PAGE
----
Although social networking has more than once changed shape throughout human evolution, it’s basic composition is ingrained in our biological makeup. Whether or not we continue to move from face time to FaceTime, the need for community and social interaction between humans is innate. We are social beings by nature, and what once meant gathering around a watering hole or telling stories around a fire, now means sharing status updates, exchanging comments and sending snaps. It’s much different, but also much the same.
It’s evident in the fact that we aren’t the only species that craves communal interaction. While we’ve moved our communities in a digital direction, our more primitive companions still seek similar exchanges. Baboons, for example, groom each other as a means of bonding. Meanwhile, meerkats live in colonies to satisfy their social needs. In fact, meerkats are one of the most social animal species in the kingdom.
Why is it called Meerkat?
Their display of social networking is so great that it became the sole symbol behind the most recent live-streaming mobile application called Meerkat. At least that’s what Meerkat Founder Ben Rubin recently told Tint. “My co-founder, Uri thought about the animal, [the] meerkat,” Rubin shared. “He was like, ‘It’s fun to do… like this animal. It’s the most social animal in the world…’ Meerkats. Like they put their hands on each other. They’re chilling. They’re very advanced.”
It fit for a reason, since advancing social interaction was Meerkat’s main goal as well. They stuck to the premise by striving for what they admired most in the meerkat: its playfulness, “[We] thought it was an interesting animal because [a meerkat] doesn’t take itself too seriously,” Rubin told the Daily Dot.
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Not taking themselves too seriously, though, wasn’t the only characteristic that contributed to their success. Capitalizing on habits – like socializing – also proved to be imperative to Rubin. He confessed that despite his preferences for horizontal video, filming vertically was much more natural to the user. He claims, “In every consumer product, the default is the most important thing. To unlock the habit, you need to make it very easy for people to contribute.”
But making it easy wasn’t as easy as it sounds. For years, Rubin had worked on a similar but much more complex streaming platform, Yevvo (which later rebranded to Air), before launching Meerkat. In the interview with Tint, he recalled that “nothing was sticky because the product was trying to do too much and was not focused on doing one simple thing good.” Yevvo focused on streaming but included a number of features like tagging and comments.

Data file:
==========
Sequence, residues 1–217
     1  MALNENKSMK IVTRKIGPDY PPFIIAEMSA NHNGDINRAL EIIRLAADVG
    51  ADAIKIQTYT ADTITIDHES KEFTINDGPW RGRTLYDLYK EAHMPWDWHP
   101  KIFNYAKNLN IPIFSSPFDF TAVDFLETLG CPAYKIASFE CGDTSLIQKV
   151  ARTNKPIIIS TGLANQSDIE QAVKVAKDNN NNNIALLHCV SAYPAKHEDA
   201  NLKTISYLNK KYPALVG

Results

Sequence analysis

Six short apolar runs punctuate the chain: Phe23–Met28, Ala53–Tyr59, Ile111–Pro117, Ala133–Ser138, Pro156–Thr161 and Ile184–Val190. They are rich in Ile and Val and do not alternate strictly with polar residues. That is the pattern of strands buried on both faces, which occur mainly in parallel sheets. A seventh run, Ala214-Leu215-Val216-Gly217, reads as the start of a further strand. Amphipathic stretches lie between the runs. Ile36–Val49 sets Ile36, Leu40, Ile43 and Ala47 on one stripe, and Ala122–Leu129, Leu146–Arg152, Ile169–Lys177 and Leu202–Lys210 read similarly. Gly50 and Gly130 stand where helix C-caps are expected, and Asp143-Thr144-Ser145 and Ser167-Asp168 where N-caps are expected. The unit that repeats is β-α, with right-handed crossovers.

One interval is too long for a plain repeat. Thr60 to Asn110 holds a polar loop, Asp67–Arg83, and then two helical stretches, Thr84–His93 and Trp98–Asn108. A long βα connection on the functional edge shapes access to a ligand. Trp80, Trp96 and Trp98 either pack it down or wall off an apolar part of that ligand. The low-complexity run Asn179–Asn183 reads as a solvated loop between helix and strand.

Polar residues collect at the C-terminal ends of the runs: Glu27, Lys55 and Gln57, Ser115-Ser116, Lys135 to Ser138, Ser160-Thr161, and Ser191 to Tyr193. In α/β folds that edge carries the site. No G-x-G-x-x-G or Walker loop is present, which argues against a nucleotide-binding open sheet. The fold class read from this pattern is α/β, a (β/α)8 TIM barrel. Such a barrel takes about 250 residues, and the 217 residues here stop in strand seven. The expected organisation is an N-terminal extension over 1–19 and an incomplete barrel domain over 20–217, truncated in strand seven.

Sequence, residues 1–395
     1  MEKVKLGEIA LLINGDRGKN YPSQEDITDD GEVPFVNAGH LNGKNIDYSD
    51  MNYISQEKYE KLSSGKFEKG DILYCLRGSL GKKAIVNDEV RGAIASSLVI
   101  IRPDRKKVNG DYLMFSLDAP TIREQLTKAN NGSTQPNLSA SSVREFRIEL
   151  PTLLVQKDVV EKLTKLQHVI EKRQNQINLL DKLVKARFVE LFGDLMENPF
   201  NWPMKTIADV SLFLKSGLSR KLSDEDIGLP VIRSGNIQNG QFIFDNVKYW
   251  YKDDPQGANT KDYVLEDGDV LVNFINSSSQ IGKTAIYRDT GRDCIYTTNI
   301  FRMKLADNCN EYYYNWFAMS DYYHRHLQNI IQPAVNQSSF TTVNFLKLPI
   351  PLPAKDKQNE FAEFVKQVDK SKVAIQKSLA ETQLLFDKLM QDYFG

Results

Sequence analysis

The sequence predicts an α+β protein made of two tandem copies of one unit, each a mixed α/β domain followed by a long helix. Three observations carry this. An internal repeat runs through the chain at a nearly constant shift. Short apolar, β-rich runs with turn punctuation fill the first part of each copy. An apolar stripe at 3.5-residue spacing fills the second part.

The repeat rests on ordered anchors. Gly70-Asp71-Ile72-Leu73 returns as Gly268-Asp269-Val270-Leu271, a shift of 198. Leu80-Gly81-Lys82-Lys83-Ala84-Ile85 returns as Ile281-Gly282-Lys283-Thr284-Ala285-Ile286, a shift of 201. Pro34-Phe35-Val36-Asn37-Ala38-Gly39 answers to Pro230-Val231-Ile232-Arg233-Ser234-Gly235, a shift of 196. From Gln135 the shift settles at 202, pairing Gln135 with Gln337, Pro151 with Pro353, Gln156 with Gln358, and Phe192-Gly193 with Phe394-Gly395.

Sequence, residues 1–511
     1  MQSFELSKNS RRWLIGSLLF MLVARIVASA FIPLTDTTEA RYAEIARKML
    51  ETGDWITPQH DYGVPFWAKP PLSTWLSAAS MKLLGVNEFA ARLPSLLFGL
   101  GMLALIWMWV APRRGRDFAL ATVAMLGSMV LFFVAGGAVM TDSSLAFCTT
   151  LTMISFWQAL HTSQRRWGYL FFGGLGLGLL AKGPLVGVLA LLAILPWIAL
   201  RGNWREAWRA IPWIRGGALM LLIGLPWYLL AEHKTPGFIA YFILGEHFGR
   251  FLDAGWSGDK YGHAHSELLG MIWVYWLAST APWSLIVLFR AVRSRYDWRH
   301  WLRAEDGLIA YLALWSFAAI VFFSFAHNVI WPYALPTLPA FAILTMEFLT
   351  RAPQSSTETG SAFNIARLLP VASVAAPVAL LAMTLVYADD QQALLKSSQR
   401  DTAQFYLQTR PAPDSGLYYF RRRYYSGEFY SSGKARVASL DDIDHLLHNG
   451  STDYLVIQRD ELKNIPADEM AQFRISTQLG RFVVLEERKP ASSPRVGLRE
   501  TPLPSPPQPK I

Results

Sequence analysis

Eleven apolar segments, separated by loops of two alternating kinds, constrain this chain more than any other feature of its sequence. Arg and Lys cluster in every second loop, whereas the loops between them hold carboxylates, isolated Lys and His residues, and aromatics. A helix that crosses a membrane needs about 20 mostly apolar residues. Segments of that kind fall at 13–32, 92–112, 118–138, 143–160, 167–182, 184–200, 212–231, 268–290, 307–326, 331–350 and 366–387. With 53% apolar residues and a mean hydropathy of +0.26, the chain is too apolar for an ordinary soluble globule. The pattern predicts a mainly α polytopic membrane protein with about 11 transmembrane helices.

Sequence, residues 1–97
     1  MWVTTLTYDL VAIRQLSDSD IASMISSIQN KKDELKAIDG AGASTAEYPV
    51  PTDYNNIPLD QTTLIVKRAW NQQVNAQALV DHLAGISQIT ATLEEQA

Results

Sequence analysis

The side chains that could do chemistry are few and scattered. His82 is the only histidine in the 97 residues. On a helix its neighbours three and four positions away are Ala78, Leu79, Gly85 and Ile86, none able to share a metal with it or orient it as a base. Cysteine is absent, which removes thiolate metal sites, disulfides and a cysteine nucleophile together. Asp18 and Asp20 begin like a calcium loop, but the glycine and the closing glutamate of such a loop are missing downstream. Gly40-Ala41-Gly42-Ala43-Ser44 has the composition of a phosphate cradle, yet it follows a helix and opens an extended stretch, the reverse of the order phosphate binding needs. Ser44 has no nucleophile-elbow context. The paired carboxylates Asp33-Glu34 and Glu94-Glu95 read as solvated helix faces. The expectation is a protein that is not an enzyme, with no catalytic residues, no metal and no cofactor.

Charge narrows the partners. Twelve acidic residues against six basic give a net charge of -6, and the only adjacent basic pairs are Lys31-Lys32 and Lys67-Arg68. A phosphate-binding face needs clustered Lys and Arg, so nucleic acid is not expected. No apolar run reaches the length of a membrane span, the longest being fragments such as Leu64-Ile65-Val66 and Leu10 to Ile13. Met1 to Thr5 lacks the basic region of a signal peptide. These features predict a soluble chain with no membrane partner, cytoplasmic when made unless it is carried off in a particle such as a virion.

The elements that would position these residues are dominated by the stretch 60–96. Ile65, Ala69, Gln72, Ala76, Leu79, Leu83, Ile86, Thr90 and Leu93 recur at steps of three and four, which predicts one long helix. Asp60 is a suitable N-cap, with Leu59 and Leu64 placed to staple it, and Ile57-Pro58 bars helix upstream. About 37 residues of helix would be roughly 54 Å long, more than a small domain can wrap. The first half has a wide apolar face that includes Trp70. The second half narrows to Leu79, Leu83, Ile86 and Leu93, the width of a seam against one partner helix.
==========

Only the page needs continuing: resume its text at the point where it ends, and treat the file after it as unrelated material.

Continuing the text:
What Yevvo didn’t have, Rubin told The Verge, was “spontaneous togetherness,” something Meerkat had plenty of. When the new interface finally launched at SXSW on February 27th, 2015, the level of social engagement was undeniable. This time the streaming software was dramatically simplified, offering only two options: stream now or stream later. Users log in via Twitter and a tweet is sent automatically to their followers when their broadcast begins. Conversation takes place in the form of real-time tweets, often dictating the direction of the show. Meerkat filled a gap that Yevvo couldn’t quite reach. According to Rubin, “There [was] no other service that lets the audience take over a stream. There is now.”
3/ twitter’s move here shows how significant meerkat has become.
— Ben Rubin (@benrbn) March 14, 2015
Fans and followers overwhelmingly agreed immediately with the Meerkat Guidelines, which boasts its video streaming as “the best way to experience life live.” Unfortunately not everyone was equally thrilled, namely Twitter. Meerkat had wisely leveraged Twitter to gain instant and mass popularity, and when Twitter realized the streaming potential, it wanted in. Shortly following the Meerkat hype, Twitter not only blocked Meerkat from its social graph, but also purchased its biggest competitor, Periscope for $86.6 million.
Rumors that it would be the death of Meerkat circulated as quickly as word of its success; however, the application isn’t running from the threat just yet. Whether or not there’s room enough for both applications in the virtual jungle remains to be seen, but, as far as instincts go, we’re sure to share social commentary one way or the other.
Thanks for reading Why is Meerkat called Meerkat! What do you use to get your real-time news? #whyisitcalledMeerkat
Annelise Schoups is a contributor at Rewind & Capture. With a degree in journalism, experience in public relations, and an education in travel, she is passionate about cultivating knowledge and storytelling.